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From Diva to Woman

Posted on September 7, 2017

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As Diana Vishneva brings her show On the Edge to London,
she talks to Zoë Anderson about finding fresh challenges
All photographs: Danil Golovkin.

“It’s important to have a diverse career,” explains ballerina Diana Vishneva. “Not only as an actor, a performer, but also as a dancer – to teach your body all the varieties of movement it can do. Not to limit yourself with just a certain range of possibilities, but to open it up.”

On her last visit to the UK last summer, Vishneva came as a star of the Maryinsky Ballet, dancing roles such as Leonid Lavrovsky’s Juliet and Frederick Ashton’s Marguerite. This time, she’s here with On the Edge, a double bill of works she’s commissioned from choreographers Jean-Christophe Maillot and Carolyn Carlson.

In English, the title On the Edge suggests risk, or an extreme situation. In Russian, Vishneva exaplains in a telephone call from New York, it refers to the different aspects of creation. “It’s about the different phases of the performer’s personality,” she says. “When you start to collaborate with a choreographer on a new project, you never know what the experience is going to bring you.”

So how does she choose her collaborators? “Jean-Christophe Maillot holds a special position for me, for my creative path. When I was a teenager, I danced in the Prix de Lausanne competition for young ballet dancers. He was the head of the jury! He was someone who discovered my talent, who understood my potential. He opened the doors to the international stage for me.” She won the top prize at the 1994 contest, and puts this down to Maillot: “There were differences of opinion on that jury, but he was adamant about giving me the grand prix. I decided – maybe even at that point! – that once I’ve grown into a real, big ballerina, I will do something with Jean-Christophe Maillot.”

He was the first person Vishneva contacted when she started commissioning works, but it’s taken until On the Edge, her third project, for their schedules to match. Switch, the piece he created for her, is a pas de trois featuring two dancers from his own company, Les Ballets de Monte Carlo. “Two big personalities, Gaetan Morlotti and Bernice Coppetiers. And I am, in a way, his baby – I’m someone he watched grow up from that competition. A baby who has grown into a diva. He looks at his relations with each of these three personalities, and builds interrelations between them. It’s a very personal story.

“Before starting to rehearse, we discussed what’s going to happen – the story, the music, the protagonist,” Vishneva remembers. “So there was an idea of what it was going to be, but then he told me that it would transform once we started rehearsing! That’s exactly what happened. Sometimes it changes from performance to performance, according to the mood. You can get a slightly different story, depending on what’s happening inside the dancer.”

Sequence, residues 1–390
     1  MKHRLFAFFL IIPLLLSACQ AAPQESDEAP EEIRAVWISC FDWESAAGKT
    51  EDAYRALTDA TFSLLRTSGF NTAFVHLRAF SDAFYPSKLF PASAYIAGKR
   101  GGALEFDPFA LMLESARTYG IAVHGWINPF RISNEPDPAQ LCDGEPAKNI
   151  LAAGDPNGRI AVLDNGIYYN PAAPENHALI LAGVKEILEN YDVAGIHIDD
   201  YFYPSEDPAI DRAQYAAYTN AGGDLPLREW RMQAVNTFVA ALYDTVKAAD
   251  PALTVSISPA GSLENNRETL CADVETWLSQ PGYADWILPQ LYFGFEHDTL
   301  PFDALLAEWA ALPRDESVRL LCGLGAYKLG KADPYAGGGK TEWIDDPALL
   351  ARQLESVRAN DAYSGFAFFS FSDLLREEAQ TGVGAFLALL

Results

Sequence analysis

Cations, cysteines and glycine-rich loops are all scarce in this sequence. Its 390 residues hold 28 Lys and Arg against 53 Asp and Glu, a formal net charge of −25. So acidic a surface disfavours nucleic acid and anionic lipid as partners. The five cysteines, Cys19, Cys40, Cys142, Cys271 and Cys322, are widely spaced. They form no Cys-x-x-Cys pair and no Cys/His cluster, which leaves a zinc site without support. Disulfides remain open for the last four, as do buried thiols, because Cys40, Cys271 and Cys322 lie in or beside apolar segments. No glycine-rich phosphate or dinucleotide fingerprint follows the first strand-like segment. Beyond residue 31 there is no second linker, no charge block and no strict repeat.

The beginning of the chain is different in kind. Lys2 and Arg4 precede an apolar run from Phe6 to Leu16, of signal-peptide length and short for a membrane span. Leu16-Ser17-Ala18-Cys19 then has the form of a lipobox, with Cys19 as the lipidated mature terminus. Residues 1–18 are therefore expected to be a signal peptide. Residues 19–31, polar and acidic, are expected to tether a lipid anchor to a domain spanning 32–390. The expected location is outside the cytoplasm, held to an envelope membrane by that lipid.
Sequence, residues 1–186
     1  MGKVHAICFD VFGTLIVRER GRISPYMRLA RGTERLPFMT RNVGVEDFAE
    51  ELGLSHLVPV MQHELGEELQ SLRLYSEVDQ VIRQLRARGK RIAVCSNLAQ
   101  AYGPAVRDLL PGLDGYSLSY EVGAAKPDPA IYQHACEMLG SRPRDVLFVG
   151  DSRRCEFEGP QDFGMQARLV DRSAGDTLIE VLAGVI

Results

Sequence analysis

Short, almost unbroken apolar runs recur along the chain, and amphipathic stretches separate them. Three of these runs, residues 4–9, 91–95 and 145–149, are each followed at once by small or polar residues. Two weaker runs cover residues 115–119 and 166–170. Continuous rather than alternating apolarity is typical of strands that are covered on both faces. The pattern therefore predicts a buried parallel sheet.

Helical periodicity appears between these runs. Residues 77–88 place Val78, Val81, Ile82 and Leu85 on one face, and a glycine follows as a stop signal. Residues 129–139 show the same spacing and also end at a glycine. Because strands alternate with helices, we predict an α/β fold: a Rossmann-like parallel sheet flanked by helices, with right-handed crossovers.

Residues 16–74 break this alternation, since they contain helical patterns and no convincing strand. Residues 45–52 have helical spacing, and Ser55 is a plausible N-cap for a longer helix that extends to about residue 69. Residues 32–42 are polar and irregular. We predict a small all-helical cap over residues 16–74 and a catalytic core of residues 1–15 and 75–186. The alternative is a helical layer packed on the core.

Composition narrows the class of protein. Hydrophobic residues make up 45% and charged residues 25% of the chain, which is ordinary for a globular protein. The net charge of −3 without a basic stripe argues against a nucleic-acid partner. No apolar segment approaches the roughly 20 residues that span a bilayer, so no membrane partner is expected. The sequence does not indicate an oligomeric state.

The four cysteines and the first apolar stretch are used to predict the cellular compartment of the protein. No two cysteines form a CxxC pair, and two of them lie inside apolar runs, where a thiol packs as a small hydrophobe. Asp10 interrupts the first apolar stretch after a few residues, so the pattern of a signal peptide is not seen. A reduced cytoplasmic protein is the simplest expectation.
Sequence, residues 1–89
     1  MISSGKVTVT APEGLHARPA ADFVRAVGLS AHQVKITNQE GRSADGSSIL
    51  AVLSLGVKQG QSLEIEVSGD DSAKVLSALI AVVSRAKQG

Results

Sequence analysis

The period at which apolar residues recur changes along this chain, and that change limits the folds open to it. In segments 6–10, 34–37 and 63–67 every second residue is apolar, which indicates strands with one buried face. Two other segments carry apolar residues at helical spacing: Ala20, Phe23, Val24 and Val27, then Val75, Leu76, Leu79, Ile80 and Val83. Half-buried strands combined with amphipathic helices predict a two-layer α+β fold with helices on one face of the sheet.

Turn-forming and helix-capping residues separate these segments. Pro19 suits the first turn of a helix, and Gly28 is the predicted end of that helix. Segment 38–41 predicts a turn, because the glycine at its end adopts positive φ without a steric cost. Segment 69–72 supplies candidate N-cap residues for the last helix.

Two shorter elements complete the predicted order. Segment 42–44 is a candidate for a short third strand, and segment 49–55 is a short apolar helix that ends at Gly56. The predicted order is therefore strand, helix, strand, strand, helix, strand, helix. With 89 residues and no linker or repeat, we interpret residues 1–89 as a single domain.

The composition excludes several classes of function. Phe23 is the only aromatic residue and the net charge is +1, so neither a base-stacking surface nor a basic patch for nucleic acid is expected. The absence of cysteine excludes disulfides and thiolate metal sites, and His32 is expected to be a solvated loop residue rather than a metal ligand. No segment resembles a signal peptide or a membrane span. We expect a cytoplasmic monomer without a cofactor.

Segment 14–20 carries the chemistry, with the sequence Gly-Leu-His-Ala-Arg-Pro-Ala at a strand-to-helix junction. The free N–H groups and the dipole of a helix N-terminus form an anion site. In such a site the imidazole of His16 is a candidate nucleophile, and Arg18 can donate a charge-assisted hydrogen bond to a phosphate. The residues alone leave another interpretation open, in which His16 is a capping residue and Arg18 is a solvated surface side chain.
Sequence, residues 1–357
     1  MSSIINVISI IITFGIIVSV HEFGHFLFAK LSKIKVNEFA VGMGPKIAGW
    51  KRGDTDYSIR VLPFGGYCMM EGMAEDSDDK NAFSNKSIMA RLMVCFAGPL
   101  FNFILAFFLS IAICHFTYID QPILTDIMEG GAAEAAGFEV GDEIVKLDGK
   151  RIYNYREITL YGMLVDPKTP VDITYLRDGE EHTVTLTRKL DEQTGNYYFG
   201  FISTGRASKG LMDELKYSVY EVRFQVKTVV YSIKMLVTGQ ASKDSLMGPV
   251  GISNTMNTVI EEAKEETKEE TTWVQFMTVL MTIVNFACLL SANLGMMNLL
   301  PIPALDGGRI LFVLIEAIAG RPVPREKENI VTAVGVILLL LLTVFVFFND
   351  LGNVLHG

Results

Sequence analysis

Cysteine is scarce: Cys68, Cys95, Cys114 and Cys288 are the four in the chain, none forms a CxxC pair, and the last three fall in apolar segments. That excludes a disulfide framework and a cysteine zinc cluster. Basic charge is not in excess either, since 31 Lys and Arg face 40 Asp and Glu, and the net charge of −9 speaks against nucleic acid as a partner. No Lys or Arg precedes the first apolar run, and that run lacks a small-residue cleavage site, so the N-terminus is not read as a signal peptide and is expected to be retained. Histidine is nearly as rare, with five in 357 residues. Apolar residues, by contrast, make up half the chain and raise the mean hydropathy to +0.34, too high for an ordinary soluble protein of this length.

She’s also excited by the music, by film composer Danny Elfman, known for his swirling, quirky movie scores. “It gives a specific mood to the whole performance. It’s related  to cinema, so [the show] has to be cinematic – even on the verge of being a trailer! Jean-Christophe Maillot really explores everything he works with. With music, he knows it by heart – to the last note, the last accent.”

If Maillot was an old ally, Vishneva describes Carolyn Carlson, an American choreographer based in France, in terms of discovery. “Meeting her was something unpredicted – like a gift from heaven. I would put it in the same rank as the chance I had to meet Pina Bausch,” the great German dance theatre choreographer. (Vishneva had hoped to work with Bausch, who died not long after they met.)

“It was an extraordinary experience to work with a woman choreographer, who understands the female soul, the many layers of it, much more deeply than a male choreographer. I was thrilled that Carolyn and I found common ground to create something together.

“In our case, it was the films of Andrei Tarkovsky.” Tarkovsky (1932– 1986) was a Soviet director, known for his long takes, unconventional storytelling and spiritual themes. Besides a shared interest in his films, Vishneva also discovered the poetry of his father, Arseny Tarkovsky.

“It was a very important experience rehearsing with Carolyn, in her atelier, which is just outside Paris, with uninterrupted work. Woman in a Room is 40 minutes of dancing, all alone on stage. It was my first experience of dancing totally solo – before, I’ve always done something with a partner. This was new, a new facet uncovered in me.

“Carolyn is both American and European at the same time. At the beginning, you watch this very sophisticated, very in-depth story of a woman – and then, at a certain point, she breaks this distance, this veil. It’s this American quality of open approaches.